In the 1950’s St. Mary’s began to care for children with disabilities. In the 1980’s St. Mary’s became what it is today, a nonsectarian nonprofit that provides around the clock care for children with disabilities. St. Mary’s began by caring for a dozen children. Now they care for over a hundred children and young adults with physical and intellectual disabilities around the clock. Mary Hecht, our current Clerk of Session, which is the person who keeps records for our church board meetings, has worked at St. Mary’s for most of her life. She invited me to their “It’s Fall Y’all” fundraiser. There was amazing Barbeque and Oysters. Hundreds of people were there. Baker’s Crust donated something like $15,000 worth. They raised $50,000.
Our session, the governing board of our church, had our leadership retreat at St. Mary’s. My mom, who facilitates leadership training for state and local governments for a living, helped me facilitate the retreat. Thankfully she has forgiven me for stealing all her canned goods so many years ago. As we toured the building, and saw how the Lord provided for the most vulnerable we were humbled. As we discussed what we loved about Calvin and the future of our church a sense of hope began to build. We saw our heart to reach out and comfort those who were grieving. We saw our heart to say as Jesus said let the children come to us and do not hinder them for to such belongs the Kingdom of God (Matthew 19:14). We saw a church that comforts the grieving and has a heart for children. We began to see, we began to hope, we began to believe in bread for today and hope for tomorrow.
Now you may be saying, “those are all great stories Pastor Will. But where does the rubber hit the road in my life? You don’t know what I am going through! How is God going to provide for our church? How is God going to provide for my family? How is God going to provide for me? It is not like God sends wads of cash in the mail!!!! Get real Pastor Will.”
It’s funny you should think that because I have actually received a random wad of cash in the mail. It happened after I had first moved out to rural Indiana, to a church not even half this size. I must have been two months into my ministry when I received an envelope in the mail with no return address. The envelope contained a wad of cash. I think it was around $258 dollars. The note was addressed to me. The person knew I was a pastor and they said the Lord told them to send me the money because the Lord said I would need it. I struggled to think how this person knew me? I had barely been in the state for two months. I guessed they must have saw me preach at my presbytery examination a month before. A presbytery is like our denomination’s local government. To be ordained you must go to Presbytery, preach, and be examined in front of a couple of hundred people. It is usually nerve racking. But the Lord gave me the grace to hit it out of the park that time.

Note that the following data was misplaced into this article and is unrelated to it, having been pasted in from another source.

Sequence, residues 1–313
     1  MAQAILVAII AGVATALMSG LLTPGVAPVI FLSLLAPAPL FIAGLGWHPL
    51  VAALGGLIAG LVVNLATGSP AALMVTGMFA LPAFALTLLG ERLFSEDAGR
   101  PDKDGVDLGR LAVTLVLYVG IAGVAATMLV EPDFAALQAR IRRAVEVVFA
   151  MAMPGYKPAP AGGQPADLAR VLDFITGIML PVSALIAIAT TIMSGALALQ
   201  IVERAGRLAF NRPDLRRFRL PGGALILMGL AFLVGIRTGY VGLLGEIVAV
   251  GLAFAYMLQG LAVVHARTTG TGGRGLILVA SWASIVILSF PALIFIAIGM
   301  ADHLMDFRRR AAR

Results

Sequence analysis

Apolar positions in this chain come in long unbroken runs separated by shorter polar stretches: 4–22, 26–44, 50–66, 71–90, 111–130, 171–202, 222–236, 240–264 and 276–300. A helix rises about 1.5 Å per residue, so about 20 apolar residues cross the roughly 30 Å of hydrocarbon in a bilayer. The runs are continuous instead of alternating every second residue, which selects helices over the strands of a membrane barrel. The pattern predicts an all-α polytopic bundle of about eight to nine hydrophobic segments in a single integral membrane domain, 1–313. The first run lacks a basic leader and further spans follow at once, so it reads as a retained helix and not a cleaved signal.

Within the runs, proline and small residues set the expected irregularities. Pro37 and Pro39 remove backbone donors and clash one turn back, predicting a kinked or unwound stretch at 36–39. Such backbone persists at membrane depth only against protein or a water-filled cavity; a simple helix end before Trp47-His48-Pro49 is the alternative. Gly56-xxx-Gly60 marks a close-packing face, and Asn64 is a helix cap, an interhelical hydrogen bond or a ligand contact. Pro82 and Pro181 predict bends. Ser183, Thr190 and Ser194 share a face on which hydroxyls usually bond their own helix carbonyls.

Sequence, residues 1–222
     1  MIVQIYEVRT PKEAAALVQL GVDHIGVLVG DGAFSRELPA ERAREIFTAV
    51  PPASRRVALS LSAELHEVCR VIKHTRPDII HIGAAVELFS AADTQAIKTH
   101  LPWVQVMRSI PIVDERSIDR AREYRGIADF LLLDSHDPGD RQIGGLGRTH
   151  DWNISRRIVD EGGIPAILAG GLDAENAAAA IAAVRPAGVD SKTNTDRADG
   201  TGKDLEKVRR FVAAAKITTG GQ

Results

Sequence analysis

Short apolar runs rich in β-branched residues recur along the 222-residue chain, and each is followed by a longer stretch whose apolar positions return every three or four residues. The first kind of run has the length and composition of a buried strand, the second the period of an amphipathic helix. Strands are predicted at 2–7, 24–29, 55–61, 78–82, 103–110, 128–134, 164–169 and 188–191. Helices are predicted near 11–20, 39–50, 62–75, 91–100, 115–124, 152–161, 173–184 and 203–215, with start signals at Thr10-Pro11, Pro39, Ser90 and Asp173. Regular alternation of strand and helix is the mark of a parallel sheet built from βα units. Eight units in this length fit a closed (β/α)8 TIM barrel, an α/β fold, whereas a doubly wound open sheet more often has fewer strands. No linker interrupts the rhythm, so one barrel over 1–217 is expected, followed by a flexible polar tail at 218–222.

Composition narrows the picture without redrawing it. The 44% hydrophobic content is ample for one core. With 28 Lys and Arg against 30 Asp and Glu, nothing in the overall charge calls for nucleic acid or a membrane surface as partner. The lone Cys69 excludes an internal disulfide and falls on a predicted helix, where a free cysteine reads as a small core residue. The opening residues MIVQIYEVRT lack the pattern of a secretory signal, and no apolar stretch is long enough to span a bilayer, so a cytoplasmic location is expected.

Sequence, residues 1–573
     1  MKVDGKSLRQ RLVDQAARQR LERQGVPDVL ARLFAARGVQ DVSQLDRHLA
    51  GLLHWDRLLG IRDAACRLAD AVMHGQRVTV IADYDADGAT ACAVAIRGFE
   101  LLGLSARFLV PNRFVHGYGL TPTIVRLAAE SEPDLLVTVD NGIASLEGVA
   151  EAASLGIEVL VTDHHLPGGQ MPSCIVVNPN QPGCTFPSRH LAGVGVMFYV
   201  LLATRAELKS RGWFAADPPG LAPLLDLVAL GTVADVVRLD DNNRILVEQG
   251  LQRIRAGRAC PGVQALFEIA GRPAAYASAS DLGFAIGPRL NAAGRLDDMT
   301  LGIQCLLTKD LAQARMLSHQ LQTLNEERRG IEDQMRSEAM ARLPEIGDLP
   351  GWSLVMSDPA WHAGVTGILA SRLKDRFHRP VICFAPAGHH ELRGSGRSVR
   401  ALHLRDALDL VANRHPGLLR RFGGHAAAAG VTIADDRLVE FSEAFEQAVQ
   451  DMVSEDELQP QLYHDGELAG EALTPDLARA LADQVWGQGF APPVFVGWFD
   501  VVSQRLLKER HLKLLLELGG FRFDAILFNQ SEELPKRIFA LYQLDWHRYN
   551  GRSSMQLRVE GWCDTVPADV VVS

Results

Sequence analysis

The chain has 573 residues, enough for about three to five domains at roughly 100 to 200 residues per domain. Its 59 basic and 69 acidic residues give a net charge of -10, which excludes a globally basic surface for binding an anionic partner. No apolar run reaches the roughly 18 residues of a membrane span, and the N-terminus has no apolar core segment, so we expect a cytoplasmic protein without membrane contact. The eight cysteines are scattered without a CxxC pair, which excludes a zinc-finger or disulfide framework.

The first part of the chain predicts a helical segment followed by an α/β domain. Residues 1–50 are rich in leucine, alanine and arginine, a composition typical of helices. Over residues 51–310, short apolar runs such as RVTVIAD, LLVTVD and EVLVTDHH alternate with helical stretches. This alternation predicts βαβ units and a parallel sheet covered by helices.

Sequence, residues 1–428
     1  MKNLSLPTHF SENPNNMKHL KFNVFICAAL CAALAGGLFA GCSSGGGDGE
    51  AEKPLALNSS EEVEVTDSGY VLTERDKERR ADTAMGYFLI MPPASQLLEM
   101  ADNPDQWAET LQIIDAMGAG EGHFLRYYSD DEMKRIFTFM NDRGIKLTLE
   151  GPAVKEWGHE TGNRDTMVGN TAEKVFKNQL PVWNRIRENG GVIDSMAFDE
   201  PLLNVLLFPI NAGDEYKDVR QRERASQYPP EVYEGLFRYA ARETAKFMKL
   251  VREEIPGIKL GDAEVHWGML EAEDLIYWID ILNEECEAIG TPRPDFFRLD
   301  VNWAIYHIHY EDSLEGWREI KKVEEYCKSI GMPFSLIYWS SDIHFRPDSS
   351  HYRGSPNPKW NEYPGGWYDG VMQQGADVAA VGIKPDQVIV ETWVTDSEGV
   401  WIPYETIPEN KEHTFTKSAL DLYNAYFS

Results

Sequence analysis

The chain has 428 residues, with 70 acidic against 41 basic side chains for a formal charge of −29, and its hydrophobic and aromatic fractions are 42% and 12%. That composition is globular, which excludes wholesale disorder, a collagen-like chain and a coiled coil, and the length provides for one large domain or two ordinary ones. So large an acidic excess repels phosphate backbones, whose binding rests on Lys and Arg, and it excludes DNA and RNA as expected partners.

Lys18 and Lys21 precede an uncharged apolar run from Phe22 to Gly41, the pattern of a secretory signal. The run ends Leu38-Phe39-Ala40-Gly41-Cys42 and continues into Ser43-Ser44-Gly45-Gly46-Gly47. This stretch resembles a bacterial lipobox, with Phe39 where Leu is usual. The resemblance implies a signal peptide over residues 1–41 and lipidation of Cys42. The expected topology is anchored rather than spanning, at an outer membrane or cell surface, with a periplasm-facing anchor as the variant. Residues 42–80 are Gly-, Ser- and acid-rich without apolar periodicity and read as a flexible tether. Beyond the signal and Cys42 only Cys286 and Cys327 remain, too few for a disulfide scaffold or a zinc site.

At first I was rather bewildered by the money. I was getting paid well. I didn’t think I needed the money. So I stuck it in my office drawer and went to my preschool board meeting that was scheduled for that afternoon. During that meeting we discussed a family that needed a scholarship for that month for their child. The amount was almost exactly what I had been given in the mail. I jumped out of my seat and shouted with joy. The other two board members were rather bewildered as I ran out of the room. I ran across the church, back to my office, grabbed the money, and brought it to the board, as if I was a man who had found a pearl of great price. God doesn’t always send cash in the mail but He can if he wants to. The Key is if we are committed to seeing His Kingdom Come on Earth as it is in heaven. The key is if our prayers are not about me but about us, the body of believers, the church, and God’s Love for the World.
Last week was All Saints Day. We didn’t have time to celebrate that occasion last week but we do this week. We remember all the loved ones we have lost. We remember that we are surrounded by a great cloud of witnesses that have run the race and seen that the LORD is faithful and He does provide.
Those who came before us were under no allusions that life was easy. It can be filled with pain and tragedy. We are reminded of that by the mass murder in a Sutherland Springs, Texas last week. This has been a hard year for our nation. Full of natural disasters and man made tragedies. Maybe it has been a hard year for you as well in your personal life. Maybe your life has been filled with family tragedy. But let us not lose hope for we will reap a harvest if we do not give up. As the writer of Hebrews says, “ Therefore, since we are surrounded by such a great cloud of witnesses, let us also lay aside every weight that clings so closely, and let us run with endurance the race that is set before us, looking to Jesus the author and perfecter of our faith, who for the joy set before him endured the cross, despising the shame, and it is seated at the right hand of the throne of God.” (Hebrews 12:1-2). Our Father, who art in heaven Hallowed be thy name. Would you bring your Kingdom on Earth as it is in heaven? For we believe as your Son believed in bread for today and hope for tomorrow.